CALCUTTA, India, Oct. 14 (UPI) -- The remains of Mother Teresa are being claimed by both India, where she mostly lived and died, and Albania, which claims she is one of its nationals.
The Nobel Peace laureate and the beatified nun headed Calcutta's Missionaries of Charity for the sick and the abandoned until her death on September 5, 1997.
Albanian Prime Minister Sali Berisha has said the remains should be repatriated before the 100th anniversary of Mother Teresa's birth next August, The Times of London reported.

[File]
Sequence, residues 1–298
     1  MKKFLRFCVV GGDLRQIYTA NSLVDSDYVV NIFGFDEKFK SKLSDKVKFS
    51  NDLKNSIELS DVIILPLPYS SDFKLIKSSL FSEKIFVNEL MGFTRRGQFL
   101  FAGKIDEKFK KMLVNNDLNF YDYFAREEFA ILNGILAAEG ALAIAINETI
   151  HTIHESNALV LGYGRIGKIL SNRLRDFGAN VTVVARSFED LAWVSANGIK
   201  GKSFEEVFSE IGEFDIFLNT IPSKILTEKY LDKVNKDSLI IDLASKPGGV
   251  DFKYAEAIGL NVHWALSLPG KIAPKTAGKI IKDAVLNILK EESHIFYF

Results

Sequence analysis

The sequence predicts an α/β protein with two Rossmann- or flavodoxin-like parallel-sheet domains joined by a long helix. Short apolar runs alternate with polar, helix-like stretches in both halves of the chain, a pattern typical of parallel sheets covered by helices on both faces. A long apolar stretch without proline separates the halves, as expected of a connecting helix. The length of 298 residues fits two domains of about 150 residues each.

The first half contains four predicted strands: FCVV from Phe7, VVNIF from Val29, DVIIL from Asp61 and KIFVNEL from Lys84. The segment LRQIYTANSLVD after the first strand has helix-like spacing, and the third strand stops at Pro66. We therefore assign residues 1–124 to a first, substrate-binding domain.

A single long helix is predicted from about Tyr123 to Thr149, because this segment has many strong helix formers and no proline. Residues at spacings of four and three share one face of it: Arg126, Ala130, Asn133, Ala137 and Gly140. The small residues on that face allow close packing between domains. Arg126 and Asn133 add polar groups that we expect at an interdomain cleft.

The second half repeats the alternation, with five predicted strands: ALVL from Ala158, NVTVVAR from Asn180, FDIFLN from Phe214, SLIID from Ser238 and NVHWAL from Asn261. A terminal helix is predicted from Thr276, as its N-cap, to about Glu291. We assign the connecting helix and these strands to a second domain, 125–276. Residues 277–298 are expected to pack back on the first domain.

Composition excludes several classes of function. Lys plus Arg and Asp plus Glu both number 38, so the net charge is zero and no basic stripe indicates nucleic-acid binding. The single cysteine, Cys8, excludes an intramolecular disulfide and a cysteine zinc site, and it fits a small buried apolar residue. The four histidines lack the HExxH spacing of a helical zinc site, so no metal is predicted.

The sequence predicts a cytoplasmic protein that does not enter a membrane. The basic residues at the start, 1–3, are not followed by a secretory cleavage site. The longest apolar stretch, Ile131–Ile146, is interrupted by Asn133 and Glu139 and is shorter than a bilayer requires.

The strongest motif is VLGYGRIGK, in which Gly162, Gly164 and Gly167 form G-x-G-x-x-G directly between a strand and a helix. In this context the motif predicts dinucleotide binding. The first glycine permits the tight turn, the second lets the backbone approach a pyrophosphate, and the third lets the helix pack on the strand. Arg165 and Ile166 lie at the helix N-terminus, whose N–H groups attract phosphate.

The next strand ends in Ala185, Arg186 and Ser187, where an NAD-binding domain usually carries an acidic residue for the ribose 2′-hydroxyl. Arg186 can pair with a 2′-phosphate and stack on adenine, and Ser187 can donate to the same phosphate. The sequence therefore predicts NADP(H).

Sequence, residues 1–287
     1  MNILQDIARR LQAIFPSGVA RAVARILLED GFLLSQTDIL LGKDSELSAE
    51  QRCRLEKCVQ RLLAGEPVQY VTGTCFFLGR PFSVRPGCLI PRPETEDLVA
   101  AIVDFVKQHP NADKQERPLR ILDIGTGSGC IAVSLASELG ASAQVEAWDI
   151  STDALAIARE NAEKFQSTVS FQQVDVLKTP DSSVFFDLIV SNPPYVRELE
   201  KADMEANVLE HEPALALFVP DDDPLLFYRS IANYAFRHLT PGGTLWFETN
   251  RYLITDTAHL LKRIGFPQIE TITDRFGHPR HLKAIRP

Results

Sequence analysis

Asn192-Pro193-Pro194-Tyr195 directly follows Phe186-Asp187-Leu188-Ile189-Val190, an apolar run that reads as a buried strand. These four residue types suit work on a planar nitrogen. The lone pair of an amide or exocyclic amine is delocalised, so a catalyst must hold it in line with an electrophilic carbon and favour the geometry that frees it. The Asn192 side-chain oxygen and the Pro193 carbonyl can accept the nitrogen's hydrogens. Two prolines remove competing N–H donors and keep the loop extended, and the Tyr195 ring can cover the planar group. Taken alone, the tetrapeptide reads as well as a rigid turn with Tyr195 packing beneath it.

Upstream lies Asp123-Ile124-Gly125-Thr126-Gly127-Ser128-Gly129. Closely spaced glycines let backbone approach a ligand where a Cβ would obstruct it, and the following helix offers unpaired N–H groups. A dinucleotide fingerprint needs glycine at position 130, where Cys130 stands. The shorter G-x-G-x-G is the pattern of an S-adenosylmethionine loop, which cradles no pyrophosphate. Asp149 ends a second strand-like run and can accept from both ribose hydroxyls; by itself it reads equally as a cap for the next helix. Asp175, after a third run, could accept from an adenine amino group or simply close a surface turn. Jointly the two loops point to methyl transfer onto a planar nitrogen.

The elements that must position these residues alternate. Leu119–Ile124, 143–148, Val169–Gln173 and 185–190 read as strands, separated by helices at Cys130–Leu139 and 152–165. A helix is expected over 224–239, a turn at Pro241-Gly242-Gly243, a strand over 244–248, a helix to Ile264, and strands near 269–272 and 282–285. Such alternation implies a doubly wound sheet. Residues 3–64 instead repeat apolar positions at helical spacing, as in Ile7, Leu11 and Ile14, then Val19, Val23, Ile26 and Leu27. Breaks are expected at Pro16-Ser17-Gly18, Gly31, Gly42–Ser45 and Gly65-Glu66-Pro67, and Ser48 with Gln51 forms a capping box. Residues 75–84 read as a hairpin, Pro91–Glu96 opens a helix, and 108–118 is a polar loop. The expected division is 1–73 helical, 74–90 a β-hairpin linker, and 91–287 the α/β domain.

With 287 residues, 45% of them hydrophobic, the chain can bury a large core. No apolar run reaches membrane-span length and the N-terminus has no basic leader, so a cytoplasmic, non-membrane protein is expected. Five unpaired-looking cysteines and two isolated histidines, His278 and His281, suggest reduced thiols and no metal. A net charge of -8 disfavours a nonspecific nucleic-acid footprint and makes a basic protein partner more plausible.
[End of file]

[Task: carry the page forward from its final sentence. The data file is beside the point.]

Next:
However, Indian church and state officials in Calcutta are irate over calls to exhume her body, the report said.
An Indian Foreign Ministry spokesman told The Times: "Mother Teresa is an Indian citizen and is resting in her own country."
There is also concern that Macedonia could become another claimant to the remains, the report said.
Mother Teresa' parents were ethnic Albanians but she was born in 1910 in Skopje, which was then part of the Ottoman Empire but is now the capital of Macedonia.
Mother Teresa once said: "By blood, I am Albanian. By citizenship, an Indian. By faith, I am a Catholic nun. As to my calling, I belong to the world."